And for the final word, the entertaining Fred Reed asks questions that have yet to be answered...

If the faithful of evolution spent as much time examining their theory as they do defending it, they might prove to be right, or partly right, or discover all manner of interesting things heretofore unsuspected.

At any rate, the idea is that slight selective pressure (operational definition, please? Units?) over enough time produces major changes. The idea is appealingly plausible. But, for example:

(1) A fair number of people are deathly allergic to bee stings, going into anaphylactic shock and dying. In any but a protected urban setting, children are virtually certain to be stung many times before reaching puberty. Assured death before reproduction would seem a robust variety of selective pressure.

Yet the allergic haven’t been eliminated from the population. Why is it that miniscule, unobserved mutations over vast stretches of time can produce major changes, while an extraordinarily powerful, observable selective pressure doesn’t? The same reasoning applies to a long list of genetic diseases that kill children before they reach adulthood. (Yes, I too can imagine plausible explanations. Plausibility isn’t evidence.)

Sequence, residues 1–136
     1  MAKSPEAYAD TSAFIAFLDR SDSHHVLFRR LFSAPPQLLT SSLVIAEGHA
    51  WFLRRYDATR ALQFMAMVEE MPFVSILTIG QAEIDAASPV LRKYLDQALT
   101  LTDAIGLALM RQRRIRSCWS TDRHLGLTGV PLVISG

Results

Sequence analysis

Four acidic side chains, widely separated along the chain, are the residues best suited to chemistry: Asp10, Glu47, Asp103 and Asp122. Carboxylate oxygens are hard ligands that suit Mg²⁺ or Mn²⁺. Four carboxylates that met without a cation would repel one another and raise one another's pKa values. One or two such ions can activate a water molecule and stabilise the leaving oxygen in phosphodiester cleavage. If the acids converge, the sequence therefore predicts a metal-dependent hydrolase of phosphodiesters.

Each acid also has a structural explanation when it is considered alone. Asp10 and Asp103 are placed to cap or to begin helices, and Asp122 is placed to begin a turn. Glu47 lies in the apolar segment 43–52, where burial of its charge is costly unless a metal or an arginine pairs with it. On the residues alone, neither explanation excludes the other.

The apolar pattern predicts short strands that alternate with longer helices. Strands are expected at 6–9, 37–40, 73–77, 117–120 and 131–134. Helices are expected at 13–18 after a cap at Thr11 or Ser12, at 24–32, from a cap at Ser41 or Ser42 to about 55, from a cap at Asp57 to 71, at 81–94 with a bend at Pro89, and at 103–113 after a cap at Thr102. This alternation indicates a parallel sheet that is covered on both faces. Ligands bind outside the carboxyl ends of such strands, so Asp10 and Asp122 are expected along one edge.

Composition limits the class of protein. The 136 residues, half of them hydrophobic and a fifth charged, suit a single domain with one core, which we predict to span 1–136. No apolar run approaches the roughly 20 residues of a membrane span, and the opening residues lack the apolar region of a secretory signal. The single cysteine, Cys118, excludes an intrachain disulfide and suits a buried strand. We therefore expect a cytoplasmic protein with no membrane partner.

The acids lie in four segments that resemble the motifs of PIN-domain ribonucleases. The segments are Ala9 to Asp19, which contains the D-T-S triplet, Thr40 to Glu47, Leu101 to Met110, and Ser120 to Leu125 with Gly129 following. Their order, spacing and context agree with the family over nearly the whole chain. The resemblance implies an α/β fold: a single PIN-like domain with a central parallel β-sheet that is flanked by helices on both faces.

(5) If intelligence promotes survival, why did it appear so late? If it doesn’t promote survival, why did it appear at all?

(8) So much of evolution contradicts other parts. Sparrows evolved drab and brown so that predators won’t see them. Cockatoos and guacamayas are gaudy as casinos in Las Vegas so they can find each other and mate. But…but….


So get over Darwin already, and let people question evolution. Maybe we'll actually learn something.

Beginnings